Malcolm X Archival Material Rescued From the Auction Block
Schomburg Center could be recipient of collection, Shabazz family says
Scholars around the nation are breathing sighs of relief now that a treasure trove of original speech manuscripts, diaries, photos and letters belonging to El-Hajj Malik El-Shabazz — more commonly known as Malcolm X — have been rescued from the auction block.
The threatened auction of the materials came to a halt with a March 12 filing in Los Angeles Superior Court. And surprisingly, the complaint — seeking “declaratory” and “injunctive relief” — came from one of the players painted as a “bad guy” in the case: Public Storage Inc. (PSI), the California-based owner of the Florida storage facility that originally sold the papers and memorabilia in September 2001.
Butterfield’s, the San Francisco-based auction house also criticized for its role in the controversy, quickly withdrew the items from its March 20 auction. A spokesman said the company strongly felt it was the right thing to do.
“Basically, we received some communications from the storage facility as well as from the (Shabazz) family’s attorney which brought to light irregularities in the process of the transfer of title prior to our consigner’s buying the materials. So when we learned that there were a number of questions or issues still to be resolved, we decided it was best to hold on to the property and wait until those questions are answered,” says Levi Morgan, director of communications for the company, which is owned by eBay.
The PSI court filing confirmed several details of the case that have puzzled observers. For example, the complaint noted Malikah Shabazz Brown, one of the six daughters of Malcolm X and Betty Shabazz, was at the center of the case. She reportedly rented the Florida storage locker in May 1999 and defaulted on her rental payments in July 2001. The complaint also names the buyer at the ensuing storage auction. He was James Calhoun, whom observers in the rare books and manuscripts trade have described as a “picker,” one who buys items “blind” at storage auctions for possible resale.
As for the “irregularities” that halted the auction, they appear to have been quite serious. When items are offered for sale at a storage auction, the process normally expunges the original title and conveys it to the buyer. But there can be extenuating circumstances, notes attorney Joseph Fleming, who represents both the estate of Betty Shabazz and her daughters.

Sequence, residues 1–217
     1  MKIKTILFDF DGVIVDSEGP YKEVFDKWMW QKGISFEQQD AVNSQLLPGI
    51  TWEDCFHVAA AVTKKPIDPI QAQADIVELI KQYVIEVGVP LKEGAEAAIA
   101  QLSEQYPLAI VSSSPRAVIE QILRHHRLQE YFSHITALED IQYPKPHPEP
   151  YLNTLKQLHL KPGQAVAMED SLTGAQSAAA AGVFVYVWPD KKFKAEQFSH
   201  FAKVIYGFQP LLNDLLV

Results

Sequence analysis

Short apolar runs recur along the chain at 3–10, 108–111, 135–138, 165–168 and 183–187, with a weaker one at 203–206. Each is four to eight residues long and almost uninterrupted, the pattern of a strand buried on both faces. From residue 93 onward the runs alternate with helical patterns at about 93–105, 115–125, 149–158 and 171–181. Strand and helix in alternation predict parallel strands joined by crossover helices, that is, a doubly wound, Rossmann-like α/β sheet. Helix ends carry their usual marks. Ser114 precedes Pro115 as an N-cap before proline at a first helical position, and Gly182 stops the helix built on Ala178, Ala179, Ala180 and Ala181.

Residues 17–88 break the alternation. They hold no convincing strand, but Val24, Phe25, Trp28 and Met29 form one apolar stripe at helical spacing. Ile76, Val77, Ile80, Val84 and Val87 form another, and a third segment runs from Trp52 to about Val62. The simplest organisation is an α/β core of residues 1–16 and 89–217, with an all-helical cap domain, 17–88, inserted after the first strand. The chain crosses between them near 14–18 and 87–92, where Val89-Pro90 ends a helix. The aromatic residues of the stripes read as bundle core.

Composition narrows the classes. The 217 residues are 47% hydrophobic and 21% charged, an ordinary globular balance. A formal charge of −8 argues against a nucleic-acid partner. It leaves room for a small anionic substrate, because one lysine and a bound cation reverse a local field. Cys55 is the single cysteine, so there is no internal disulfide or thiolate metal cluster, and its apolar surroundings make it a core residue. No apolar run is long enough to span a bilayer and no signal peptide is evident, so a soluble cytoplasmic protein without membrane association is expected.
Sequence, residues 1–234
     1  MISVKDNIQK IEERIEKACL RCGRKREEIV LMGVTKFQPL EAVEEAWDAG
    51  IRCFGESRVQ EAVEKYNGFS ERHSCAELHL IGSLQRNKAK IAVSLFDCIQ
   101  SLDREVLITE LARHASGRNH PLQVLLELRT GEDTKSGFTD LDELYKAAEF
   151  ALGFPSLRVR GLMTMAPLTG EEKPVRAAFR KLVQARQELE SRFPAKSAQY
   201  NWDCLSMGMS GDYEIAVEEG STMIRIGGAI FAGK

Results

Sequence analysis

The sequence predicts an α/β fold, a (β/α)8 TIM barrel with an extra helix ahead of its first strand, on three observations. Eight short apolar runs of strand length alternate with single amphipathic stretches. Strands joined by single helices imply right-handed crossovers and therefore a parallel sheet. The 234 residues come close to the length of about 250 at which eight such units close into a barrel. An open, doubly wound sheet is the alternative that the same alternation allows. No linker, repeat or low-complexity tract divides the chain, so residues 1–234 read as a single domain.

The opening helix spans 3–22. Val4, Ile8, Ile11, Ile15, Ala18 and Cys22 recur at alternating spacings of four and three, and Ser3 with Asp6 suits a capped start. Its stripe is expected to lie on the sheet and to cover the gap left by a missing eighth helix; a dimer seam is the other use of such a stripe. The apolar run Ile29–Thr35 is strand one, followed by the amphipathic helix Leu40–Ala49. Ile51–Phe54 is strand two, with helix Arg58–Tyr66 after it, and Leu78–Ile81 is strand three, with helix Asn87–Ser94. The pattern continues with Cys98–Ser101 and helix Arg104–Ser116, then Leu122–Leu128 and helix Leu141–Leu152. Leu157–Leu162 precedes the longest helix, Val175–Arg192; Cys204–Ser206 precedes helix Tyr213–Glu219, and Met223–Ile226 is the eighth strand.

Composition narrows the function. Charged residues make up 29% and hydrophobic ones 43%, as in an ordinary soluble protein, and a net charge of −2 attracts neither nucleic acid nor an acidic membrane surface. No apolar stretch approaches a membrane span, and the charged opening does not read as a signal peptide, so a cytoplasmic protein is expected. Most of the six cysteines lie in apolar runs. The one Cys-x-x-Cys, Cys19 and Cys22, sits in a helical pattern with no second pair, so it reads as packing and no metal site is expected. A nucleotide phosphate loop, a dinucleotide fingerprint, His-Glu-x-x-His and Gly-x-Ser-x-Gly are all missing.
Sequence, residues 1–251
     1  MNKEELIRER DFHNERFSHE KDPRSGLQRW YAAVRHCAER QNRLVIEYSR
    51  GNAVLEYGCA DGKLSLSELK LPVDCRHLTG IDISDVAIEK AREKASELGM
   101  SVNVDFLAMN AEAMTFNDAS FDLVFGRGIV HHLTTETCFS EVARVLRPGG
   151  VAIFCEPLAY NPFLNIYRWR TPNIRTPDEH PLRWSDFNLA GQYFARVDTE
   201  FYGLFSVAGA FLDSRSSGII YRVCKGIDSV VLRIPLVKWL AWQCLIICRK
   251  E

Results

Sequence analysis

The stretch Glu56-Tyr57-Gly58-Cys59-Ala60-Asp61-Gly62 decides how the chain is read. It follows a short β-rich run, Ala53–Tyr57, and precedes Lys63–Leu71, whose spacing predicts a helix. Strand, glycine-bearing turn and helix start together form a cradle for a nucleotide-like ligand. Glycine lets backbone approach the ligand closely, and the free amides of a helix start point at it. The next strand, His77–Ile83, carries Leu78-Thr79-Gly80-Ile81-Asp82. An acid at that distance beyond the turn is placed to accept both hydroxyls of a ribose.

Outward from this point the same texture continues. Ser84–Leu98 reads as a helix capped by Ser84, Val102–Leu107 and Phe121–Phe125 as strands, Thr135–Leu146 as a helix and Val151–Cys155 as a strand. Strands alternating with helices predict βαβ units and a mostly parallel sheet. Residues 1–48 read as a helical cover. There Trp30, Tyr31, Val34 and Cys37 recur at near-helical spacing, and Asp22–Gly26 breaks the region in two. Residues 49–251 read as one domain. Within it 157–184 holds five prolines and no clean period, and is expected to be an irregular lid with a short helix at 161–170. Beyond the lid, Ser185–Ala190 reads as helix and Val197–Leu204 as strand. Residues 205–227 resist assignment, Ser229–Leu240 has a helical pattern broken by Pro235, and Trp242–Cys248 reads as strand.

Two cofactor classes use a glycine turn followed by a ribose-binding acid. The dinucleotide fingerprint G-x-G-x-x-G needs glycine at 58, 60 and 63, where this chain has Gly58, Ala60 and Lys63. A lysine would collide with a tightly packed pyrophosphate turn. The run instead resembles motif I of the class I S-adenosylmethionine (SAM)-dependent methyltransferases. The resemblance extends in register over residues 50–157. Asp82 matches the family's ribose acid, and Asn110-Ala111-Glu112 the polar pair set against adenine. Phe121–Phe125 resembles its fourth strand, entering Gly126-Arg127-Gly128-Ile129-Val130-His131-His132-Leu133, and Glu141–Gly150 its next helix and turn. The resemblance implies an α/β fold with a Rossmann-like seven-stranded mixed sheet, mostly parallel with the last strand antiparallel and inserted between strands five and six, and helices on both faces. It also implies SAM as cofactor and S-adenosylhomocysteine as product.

“The material was taken without the knowledge or the consent of the rightful owners — those being the estate of Betty Shabazz and the daughters of Betty Shabazz and Malcolm X,” says Fleming. “(Malikah) did not have nor did she seek the consent of either her sisters or the estate to remove the materials.”
The Shabazz family is basing its case for the return of the documents on that defect in the chain of title, Fleming explains. Their case is strengthened, he adds, by a defect in the process by which Brown was notified that the contents of her storage locker were about to be offered for sale.
Florida law mandates renters be given 15 days to settle their accounts and retrieve their property, but in this case only 13 days were allotted. “The date of first notice of the sale was the 7th of Sept; the sale was held Sept. 20th. That’s just two days. But two very critical days. The law is very clear with regard to rights of property. It gives everyone the opportunity to get their property back,” Fleming says.
While Morgan says Butterfield’s is awaiting word from the courts on how it should proceed, Fleming says he strongly doubts the case will ever come to trial. “Our aim is to privately negotiate the return of the papers to the family,” he says.
And if and when that happens, the materials will go to the New York Public Library’s Schomburg Center for Research in Black Culture, Fleming says — a development that no doubt will disappoint the throngs of institutions that were rumored to be lining up to purchase the materials at auction.
What should not be forgotten as the case fades from public view, however, is how close an irreplaceable portion of Malcolm X’s legacy came to being lost forever.
“We have to remember that this stuff was saved by a guy who was looking for furniture and ended up with these banker’s boxes full of paper,” says Catherine Williamson, director of fine books, manuscripts and entertainment memorabilia for Butterfield’s. “But if there hadn’t been a buyer, the boxes would have been tossed. If the buyer hadn’t looked at the papers, hadn’t understood the significance of the papers, they would have been tossed.
“The threat to these materials was so real,” Williamson says. “It’s terrifying to think of what the world came so close to losing.”
As for the mysterious role of Malikah Brown in the case, that may never be fully understood.
“The family, for reasons you might imagine, is not interested in commenting,” Fleming says. They’ve made one statement in which they’ve acknowledged Brown’s role. “As for the rest of it, it’s a private family matter and they’re dealing with it as such.”
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